Over the years, welding helmets have improved immensely thanks to new technological developments. Things like auto-darkening lenses, lighter helmets, and better weight balance make today’s welding helmets safer and longer-lasting.
So you’re probably wondering—what is the best welding helmet?
There is no universal helmet that is the best option. But there are plenty of great welding helmets on the market today.
Before you purchase any helmet, you’ll want to consider factors like the type of helmet, the welding shades, and the fit, among others.
Here are some things to consider when choosing the best welding helmet for you!
Why You Need a Good Welding Helmet
It doesn’t matter if you’re an avid weekend warrior working in your home shop or an experienced journeyman working on an oil rig—every welder needs a good helmet!
Choosing the right welding helmet is one of the most important decisions you can make.
Finding a welding helmet with the right shade will protect your face and eyes from sparks and ultraviolet rays.
And a properly fitted welding helmet will feel more comfortable on your head and cause less strain on your neck.
If you choose to go with a more premium or top-of-the-line model, you’ll find that your overall welding ability and productivity will also improve thanks to a better field of vision and a more comfortable fit.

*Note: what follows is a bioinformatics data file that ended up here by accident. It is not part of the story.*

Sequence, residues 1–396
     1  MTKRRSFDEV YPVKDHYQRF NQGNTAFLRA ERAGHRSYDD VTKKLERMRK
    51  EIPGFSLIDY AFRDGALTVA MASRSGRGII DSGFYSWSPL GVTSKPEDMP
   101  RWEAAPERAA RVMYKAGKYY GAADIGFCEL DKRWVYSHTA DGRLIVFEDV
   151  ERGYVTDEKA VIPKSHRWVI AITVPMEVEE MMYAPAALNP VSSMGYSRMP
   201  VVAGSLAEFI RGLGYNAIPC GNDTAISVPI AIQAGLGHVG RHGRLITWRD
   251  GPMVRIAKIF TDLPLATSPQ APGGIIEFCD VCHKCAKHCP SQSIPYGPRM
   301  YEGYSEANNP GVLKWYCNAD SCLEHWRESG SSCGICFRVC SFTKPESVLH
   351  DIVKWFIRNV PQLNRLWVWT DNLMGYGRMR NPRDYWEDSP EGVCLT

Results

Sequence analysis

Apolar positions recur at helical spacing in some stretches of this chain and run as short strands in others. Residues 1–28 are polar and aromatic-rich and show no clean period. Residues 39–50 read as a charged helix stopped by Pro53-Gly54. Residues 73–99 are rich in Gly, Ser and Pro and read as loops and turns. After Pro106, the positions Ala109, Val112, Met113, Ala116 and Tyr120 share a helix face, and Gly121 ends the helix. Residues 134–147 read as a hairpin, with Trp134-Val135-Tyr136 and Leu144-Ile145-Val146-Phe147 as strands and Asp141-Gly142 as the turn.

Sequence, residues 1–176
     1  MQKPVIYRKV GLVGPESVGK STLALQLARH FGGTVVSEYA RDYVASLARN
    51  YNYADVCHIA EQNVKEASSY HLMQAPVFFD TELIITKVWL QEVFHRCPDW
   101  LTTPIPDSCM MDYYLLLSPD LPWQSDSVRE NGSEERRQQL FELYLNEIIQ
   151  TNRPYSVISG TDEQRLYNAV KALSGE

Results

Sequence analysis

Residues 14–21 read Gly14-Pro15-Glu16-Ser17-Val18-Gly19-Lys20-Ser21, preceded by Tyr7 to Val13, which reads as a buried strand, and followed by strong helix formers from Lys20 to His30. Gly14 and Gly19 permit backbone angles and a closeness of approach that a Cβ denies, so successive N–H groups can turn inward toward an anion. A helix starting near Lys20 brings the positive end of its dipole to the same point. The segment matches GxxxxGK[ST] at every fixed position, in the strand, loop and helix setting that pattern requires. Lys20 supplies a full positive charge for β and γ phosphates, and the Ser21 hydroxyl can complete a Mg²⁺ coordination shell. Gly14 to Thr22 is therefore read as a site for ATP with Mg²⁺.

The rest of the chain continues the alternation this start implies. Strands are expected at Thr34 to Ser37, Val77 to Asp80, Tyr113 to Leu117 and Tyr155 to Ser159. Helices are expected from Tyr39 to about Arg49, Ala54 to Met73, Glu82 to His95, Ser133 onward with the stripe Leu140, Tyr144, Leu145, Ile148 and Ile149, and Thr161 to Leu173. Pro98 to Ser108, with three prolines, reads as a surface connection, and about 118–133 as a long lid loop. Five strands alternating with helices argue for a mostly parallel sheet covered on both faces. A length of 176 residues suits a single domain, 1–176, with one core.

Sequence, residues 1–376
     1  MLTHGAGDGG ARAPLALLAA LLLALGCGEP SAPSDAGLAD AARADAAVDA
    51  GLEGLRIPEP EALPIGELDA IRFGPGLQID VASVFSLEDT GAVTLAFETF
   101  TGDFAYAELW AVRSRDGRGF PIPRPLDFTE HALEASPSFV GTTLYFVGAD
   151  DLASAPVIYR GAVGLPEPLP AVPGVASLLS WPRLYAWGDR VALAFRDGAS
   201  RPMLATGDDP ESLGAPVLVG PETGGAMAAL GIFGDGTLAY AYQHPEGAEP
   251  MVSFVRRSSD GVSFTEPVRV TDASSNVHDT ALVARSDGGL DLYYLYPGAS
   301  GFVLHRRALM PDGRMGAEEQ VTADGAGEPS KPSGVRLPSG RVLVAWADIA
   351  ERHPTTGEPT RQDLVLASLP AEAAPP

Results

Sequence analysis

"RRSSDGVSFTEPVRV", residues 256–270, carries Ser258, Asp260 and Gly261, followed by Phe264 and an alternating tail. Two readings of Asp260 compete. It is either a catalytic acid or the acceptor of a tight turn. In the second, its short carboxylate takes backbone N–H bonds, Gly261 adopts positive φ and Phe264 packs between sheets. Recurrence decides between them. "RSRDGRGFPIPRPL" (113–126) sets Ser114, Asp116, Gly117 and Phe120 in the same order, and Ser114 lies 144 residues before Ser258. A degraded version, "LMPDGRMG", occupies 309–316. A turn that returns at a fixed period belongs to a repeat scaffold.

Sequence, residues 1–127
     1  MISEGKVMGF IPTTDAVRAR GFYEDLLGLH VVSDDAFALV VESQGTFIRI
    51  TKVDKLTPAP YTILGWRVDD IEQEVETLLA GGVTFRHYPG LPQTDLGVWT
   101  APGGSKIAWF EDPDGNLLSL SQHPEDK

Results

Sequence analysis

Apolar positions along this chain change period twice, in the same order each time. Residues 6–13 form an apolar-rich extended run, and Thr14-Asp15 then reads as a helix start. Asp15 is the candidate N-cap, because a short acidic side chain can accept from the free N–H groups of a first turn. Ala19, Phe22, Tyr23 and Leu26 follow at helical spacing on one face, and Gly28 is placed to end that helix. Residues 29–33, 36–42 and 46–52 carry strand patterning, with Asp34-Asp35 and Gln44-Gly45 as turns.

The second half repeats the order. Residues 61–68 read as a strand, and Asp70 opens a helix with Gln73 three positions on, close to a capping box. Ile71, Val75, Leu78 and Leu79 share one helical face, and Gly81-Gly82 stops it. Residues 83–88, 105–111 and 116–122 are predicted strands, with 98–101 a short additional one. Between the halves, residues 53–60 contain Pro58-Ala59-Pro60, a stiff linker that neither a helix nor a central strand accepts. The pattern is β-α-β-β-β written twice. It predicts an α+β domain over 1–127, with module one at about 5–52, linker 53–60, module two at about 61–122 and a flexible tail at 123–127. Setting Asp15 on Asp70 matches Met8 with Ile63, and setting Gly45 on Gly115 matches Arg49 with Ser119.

Welding Helmet Features 101
When searching for the best welding helmet for your needs, you’ll have to consider a few different factors.
Every welder is built differently and will have different requirements for what they want and need from a helmet. So finding one fit for you will make your welding projects run more smoothly.
When comparing different types of welding helmets, you’ll see they have a welding shade number.
The shade indicates the darkness of the lens. The higher this number is, the darker the lens shade.
Depending on the type of work you’re doing, the minimum welding shade number will vary.
For instance, if you’re welding something, you’ll want the helmet to have a shade of #8 to #13 depending on the welding process, amperage, and thickness of the material. MIG, TIG, and stick welding can all be done at different amperage levels, and they, therefore, need their own shade level.
If you’re cutting a piece of metal with a torch, you’ll want the shade to be between #5 and #8.
Finally, any grinding work should be done with a lens with a #3 level of shade.